Setting aside that no remotely conservative American would ever mull the above opening rant for fear of the Inquisition, Sorkin has bent over backwards to make Daniels’ character an Old School parliamentarian Republican. McAvoy grumbles in a news meeting about illegal aliens taking American jobs (no worries! — after hearing of a Mexican-born kid denied his driver’s license over his immigration status, he foots a daily cab, anonymously, for the guy to get to work and back). His politics play more strategically in Episode 3, wherein the team breaks down the Tea Party “movement” as a wholly owned subsidiary of Kansas’ answer to The Devil, the Koch brothers. A fictive version of, say, Olbermann — whose real-life arc obviously influenced this show — doing this would be one thing, but McAvoy is a card-carrying Eisenhowerian working to expose how “my party” is being subsumed by know-nothing flat-earther lunatics owing fealty to corporate paymasters — a clever if obvious deflection of inevitable caterwauls of “librulmedia.”
This brings us to the hook: Sorkin sets his series two years in the past, which puts his crew on the cusp still-raw stories, so when most everybody else in news muffs their obligations, those plucky Newsroom kids get it right, a kind of retroactive prescience. Naturally, the kids’ integrity lands them in hot water with smarmy-but-witty company president and his bombastic-but-witty media mogul mom/boss (Jane Fonda). Fonda, engendering everything-wrong-with-megacorporate-media-ownership, insists McAvoy is jeopardizing the “business” she has before Congress and has landed the network left of MSNBC.
In response, Waterston — all props on this — crystallizes the Lost Truth of the Age of Servile Media: “Facts are the center…We don’t pretend that certain facts are in dispute to give the appearance of fairness to people who don’t believe them.”
I want to like this show because of that. Fonda’s character has threatened to end McAvoy’s career if the show doesn’t go back to obfuscating “human-interest” pabulum. We’ll see what happens this Sunday but, see, problematically, I’m not really worried.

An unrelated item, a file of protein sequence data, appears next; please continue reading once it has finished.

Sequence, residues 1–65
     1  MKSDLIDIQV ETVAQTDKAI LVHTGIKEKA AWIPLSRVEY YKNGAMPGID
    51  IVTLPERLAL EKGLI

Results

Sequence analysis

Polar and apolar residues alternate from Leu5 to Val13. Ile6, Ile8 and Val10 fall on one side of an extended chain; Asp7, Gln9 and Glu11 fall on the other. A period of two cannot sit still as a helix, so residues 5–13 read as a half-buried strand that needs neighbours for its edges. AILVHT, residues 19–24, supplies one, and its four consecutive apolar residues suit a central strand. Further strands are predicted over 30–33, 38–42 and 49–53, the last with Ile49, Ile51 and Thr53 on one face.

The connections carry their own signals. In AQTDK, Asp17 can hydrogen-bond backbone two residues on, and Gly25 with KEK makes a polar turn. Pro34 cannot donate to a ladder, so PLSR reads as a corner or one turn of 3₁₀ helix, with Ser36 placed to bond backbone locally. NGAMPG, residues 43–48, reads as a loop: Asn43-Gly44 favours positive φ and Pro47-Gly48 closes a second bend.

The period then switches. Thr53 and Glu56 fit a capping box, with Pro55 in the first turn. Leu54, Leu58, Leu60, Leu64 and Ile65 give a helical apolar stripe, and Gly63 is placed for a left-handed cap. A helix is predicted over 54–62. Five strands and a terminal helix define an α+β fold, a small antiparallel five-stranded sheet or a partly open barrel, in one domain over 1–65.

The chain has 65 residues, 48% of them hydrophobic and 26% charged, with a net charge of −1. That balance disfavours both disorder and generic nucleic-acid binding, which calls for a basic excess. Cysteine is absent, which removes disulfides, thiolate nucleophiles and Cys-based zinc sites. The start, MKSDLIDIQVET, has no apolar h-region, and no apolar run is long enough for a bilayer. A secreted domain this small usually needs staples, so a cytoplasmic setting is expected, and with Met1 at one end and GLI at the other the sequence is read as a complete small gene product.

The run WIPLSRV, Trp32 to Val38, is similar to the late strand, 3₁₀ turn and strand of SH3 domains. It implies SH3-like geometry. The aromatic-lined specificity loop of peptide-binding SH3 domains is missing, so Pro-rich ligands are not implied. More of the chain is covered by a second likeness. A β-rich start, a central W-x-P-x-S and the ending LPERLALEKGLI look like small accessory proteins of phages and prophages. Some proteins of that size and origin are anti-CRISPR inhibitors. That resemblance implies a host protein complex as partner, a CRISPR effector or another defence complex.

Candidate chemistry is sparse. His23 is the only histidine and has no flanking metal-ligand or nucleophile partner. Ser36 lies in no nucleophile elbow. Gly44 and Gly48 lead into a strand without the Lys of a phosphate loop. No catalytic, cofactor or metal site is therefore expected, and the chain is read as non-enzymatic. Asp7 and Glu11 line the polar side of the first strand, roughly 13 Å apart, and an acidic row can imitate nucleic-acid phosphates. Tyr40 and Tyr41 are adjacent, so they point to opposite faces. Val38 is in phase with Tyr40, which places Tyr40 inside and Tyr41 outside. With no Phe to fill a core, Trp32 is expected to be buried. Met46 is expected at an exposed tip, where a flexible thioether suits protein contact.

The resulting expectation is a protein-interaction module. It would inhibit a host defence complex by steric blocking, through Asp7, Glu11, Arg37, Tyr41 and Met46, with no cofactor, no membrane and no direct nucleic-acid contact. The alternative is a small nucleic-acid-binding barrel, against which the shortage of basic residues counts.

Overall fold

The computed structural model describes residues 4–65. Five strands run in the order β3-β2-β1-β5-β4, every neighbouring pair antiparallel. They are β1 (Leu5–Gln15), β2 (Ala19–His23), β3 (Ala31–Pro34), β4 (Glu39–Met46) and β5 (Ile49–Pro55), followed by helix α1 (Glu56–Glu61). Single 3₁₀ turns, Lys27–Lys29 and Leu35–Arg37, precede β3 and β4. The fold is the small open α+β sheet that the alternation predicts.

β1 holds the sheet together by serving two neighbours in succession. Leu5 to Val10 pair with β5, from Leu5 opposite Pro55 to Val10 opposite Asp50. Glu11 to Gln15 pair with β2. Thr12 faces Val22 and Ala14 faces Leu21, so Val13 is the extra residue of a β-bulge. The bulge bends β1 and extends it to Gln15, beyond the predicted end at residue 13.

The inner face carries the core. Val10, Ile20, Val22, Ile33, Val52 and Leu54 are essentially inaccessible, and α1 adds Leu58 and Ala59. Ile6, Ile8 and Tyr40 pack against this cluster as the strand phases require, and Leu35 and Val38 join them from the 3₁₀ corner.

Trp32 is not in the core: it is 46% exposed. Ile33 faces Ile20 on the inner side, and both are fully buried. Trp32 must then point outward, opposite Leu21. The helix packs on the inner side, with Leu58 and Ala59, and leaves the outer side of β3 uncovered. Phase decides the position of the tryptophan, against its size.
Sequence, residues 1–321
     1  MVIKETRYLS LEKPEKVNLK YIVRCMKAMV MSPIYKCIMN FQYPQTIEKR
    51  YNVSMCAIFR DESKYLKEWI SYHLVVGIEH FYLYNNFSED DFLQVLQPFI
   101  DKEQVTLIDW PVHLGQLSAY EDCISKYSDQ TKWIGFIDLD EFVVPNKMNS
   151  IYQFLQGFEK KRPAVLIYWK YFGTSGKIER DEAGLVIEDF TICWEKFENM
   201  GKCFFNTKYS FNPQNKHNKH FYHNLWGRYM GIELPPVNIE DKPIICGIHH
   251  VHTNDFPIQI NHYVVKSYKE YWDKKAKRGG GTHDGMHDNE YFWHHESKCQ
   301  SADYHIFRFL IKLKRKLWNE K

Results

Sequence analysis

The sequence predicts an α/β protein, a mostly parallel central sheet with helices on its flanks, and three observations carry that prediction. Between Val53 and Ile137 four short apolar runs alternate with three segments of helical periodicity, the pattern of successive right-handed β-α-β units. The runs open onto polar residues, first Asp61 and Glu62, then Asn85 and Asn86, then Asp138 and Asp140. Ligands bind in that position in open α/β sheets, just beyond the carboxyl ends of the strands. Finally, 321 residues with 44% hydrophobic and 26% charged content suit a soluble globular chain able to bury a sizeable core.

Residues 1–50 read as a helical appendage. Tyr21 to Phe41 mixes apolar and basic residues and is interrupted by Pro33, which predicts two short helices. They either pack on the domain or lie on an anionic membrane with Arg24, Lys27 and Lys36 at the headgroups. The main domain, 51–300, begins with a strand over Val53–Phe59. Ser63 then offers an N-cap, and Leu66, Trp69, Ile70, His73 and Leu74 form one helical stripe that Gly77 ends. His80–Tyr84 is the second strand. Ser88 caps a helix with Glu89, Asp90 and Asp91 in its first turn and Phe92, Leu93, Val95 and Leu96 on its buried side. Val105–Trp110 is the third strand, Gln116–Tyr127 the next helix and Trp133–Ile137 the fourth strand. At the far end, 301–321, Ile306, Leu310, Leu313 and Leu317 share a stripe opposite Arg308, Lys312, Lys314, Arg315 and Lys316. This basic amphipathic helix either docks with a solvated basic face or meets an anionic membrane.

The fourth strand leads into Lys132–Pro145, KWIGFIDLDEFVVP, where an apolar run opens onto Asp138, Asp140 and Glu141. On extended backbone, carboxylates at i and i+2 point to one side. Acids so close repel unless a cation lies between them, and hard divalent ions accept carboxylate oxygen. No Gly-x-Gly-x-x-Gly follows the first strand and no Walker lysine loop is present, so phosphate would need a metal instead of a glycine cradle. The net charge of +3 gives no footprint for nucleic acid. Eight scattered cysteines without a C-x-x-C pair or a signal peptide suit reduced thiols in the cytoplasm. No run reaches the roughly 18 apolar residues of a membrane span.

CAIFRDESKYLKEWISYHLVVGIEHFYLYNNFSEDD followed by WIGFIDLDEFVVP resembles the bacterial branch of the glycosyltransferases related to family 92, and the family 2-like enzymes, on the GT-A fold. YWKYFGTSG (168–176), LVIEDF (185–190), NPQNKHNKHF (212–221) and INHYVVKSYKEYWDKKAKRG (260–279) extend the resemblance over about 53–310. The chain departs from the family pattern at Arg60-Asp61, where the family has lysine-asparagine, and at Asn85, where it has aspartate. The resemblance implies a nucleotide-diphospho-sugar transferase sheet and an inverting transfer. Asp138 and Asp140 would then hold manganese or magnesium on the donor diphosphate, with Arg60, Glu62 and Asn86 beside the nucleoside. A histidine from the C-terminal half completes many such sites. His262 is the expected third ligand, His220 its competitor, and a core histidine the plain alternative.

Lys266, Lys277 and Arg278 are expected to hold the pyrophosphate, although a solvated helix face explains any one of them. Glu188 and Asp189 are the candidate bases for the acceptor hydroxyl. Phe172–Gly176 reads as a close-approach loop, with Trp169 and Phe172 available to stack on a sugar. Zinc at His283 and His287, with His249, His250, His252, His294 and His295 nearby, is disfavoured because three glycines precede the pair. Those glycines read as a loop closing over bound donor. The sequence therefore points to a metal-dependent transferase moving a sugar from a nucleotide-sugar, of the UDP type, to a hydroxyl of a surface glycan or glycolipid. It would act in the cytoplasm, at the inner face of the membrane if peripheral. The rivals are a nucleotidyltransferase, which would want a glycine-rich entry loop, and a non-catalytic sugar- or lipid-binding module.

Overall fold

Sorkin creates alternate universes where heroes do the right thing, inconvenienced sometimes by the dread reality of corrupt systems but never daunted by them. Our great common denominator is that most of us are victimized to the point of hopelessness by corrupt systems and daunted like hell by them. That is what makes overcoming them heroic. Hindsight-empowered superheroes amid a cratered reality feels almost chipper given the subject matter, because journalists have gotten it right in recent years and it amounts to peeing up a rope. The “news” node of American culture has been rendered so inert that wiggy outliers like News Night don’t matter. The national conversation has been programmed elsewhere.
That is a story to be told. Bad and stupid people, of which there are too few in The Newsroom, brought the news racket to its sorry state for very specific reasons: entrenched vapidity, corporate assimilation and, sin-of-sins for journalists, pandemic credulity. Lay that mess bare, show me the darkness and tradeoffs of people who sent the industry off the rails oblivious to or OK with how it made us a dumber country and I will hook the cable up to my vein. As yet, I don’t think this is that.